According to a description of the "judicial supplemental support fund" issued in November 2008 by the court system, judges automatically receive an "allowance," originally $5,000 and now $10,000, unless they opt out of the program. The money is paid in a lump sum and does not require receipts. The lump sum, which is subject to taxes, can be used for commuting costs, Internet service, home security systems, life insurance and health care, marriage counseling and other expenses. Judges who want to avoid tax consequences have the option of applying for reimbursement of actual out-of-pocket expenses such as bar and judicial association dues, education and research but must present receipts. In yesterday's webcast, Justice Lippman reportedly suggested that judges use the additional $5,000 to purchase life insurance to allay concerns about the so-called "pension death gamble." If judges stay on the bench and lose that gamble, their surviving spouses stand to receive only a fraction of the amount they would have been paid had the judges retired, he said. This is "one of the main reasons why we thought" the additional $5,000 was a "good idea," Justice Lippman said in the interview. According to David Bookstaver, a spokesman for the Office of Court Administration, nearly all of the state's judges took advantage of the $5,000 reimbursement last year, with more than 90 percent using the full benefit. This cost OCA roughly $6 million, and the additional $5,000 reimbursement will cost another $6 million, Mr. Bookstaver said. He said OCA would pay for the benefits by cutting down on overtime. Last year, OCA's total yearly budget was $2.27 billion, according to Mr. Bookstaver.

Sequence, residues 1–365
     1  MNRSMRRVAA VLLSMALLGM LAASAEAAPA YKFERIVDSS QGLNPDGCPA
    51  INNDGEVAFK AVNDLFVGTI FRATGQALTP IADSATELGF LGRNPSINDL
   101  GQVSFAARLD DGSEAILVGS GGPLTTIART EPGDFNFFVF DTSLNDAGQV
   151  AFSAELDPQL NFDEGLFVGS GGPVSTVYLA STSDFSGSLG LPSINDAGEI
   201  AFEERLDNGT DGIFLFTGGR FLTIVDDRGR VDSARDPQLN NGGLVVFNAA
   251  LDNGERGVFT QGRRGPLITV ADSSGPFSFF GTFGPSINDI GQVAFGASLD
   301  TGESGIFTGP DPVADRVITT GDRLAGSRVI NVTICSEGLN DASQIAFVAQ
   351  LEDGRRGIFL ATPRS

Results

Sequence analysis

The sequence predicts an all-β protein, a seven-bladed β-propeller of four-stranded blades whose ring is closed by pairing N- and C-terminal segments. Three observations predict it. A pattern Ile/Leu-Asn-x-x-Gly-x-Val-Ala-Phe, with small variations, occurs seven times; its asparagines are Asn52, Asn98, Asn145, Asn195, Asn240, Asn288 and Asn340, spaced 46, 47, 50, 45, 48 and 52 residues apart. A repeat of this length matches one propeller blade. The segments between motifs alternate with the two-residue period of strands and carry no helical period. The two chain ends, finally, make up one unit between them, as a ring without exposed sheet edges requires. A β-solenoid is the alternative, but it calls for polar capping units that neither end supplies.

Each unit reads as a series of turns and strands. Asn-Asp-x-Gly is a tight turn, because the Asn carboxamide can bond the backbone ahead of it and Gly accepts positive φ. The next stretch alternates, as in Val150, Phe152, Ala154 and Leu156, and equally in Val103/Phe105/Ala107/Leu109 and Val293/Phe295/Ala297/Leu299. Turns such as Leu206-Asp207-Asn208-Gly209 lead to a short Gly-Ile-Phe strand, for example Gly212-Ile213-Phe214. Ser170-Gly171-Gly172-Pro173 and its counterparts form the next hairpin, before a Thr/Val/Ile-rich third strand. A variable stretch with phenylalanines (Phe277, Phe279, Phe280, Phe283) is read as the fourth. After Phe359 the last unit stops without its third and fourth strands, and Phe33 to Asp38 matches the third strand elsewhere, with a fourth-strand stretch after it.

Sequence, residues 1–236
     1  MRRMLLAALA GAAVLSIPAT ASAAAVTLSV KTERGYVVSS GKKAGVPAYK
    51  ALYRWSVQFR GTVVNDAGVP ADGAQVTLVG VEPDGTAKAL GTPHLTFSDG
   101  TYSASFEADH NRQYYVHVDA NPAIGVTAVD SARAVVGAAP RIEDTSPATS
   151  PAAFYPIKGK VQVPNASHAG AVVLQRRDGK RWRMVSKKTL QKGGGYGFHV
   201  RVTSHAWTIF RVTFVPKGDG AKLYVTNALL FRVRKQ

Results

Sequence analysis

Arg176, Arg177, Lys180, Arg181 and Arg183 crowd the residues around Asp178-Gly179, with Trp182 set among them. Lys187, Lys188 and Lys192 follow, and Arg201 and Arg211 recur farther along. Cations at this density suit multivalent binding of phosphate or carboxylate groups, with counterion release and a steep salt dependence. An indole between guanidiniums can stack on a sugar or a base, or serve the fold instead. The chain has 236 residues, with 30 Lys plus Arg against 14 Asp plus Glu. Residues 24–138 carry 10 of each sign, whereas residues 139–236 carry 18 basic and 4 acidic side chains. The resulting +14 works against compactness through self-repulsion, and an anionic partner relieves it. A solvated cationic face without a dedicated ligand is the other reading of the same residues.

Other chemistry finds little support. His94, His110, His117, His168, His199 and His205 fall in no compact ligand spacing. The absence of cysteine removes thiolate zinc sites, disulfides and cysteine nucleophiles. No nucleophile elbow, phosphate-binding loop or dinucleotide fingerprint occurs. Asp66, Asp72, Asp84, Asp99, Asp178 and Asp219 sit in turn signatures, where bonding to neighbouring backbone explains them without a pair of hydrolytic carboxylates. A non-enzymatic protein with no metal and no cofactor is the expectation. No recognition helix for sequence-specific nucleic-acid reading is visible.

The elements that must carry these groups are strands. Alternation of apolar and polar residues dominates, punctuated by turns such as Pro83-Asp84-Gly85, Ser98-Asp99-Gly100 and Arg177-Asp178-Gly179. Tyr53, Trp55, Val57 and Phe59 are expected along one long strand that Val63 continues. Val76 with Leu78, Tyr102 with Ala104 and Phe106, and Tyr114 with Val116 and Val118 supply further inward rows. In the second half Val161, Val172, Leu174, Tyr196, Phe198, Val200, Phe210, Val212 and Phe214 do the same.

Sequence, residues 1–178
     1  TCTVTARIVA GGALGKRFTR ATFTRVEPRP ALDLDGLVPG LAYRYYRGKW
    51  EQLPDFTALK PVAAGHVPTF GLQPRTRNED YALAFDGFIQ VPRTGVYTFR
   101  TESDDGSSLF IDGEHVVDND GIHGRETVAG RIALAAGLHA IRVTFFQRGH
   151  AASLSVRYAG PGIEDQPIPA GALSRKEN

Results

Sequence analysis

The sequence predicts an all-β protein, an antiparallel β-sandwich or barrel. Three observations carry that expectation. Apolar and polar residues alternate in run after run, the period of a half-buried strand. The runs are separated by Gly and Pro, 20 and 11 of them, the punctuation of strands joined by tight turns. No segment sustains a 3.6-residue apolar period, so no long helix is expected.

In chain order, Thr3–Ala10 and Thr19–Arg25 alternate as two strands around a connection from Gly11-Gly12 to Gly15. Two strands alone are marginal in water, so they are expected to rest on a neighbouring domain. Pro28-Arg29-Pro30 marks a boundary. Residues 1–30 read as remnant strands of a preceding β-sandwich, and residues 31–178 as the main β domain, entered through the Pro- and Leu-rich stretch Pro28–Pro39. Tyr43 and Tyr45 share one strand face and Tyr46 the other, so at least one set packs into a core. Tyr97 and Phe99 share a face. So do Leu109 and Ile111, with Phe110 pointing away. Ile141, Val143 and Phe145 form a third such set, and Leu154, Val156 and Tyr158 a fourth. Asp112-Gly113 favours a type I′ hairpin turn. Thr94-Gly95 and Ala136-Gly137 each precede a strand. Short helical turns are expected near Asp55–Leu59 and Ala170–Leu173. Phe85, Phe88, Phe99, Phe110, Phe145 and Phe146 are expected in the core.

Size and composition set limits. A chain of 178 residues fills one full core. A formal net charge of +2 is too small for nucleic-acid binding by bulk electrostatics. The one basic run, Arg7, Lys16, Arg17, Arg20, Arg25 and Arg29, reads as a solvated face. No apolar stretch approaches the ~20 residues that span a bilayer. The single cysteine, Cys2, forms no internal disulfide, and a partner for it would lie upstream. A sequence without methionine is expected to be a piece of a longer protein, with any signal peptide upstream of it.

Judges' Reaction

Judges yesterday generally welcomed the additional $5,000, although some said it would not compensate for the lack of a raise. "I think in view of the really disastrous salary situation, it's an especially good measure on Chief Judge Lippman's part," said former chief judge Judith S. Kaye, who brought the judicial pay raise suit against the Legislature. Manhattan Criminal Court Melissa C. Jackson agreed. She said all the judges at Manhattan Criminal Court "feel [Chief Judge Lippman] is doing his best to help out the judges" and we are "very grateful," she said. Queens Supreme Court Justice Peter Kelly said the action is "not as good as a raise, but it's the best the chief judge can do under these circumstances, and it certainly is better than having nothing done at all." Brooklyn Supreme Court Justice Michelle Weston, president of the Association of Justices of the Supreme Court of the State of New York, said the increase was a "first step," but added that she and the group's members wish it was higher. However, ultimately, the "Legislature has to take care of us" and provide a "permanent solution…so we don't have to go begging every couple of years. …We are a separate branch of government. We should be funded adequately," Justice Weston said. Supreme Court Justice Joseph G. Golia, president of the Queens chapter of the association, said that any additional money is "better than what we had," but "we are not satisfied." Justice Golia, who said he and his wife had depleted nearly their entire life savings, said he did not understand "why we are in this quagmire," adding that the stalemate must be a result of a disagreement between the governor and the Legislature. Similarly, Robert A. Spolzino, who left the Appellate Division, Second Department, earlier this month after nearly six years, called Judge Lippman's action "certainly helpful, but not sufficient. Judges' pay is atrocious and what we need is a raise from the Legislature." Mr. Spolzino is now a partner at Wilson Elser Moskowitz Edelman & Dicker. "We appreciate the increase in the wellness account but it would be nice to put some meat on the bones and get us the long-overdue raise that we so sorely deserve," said Nassau County Justice Edward A. Maron, the lead plaintiff in one of the pay raise cases. Noeleen G. Walder can be reached at Daniel Wise contributed to this report.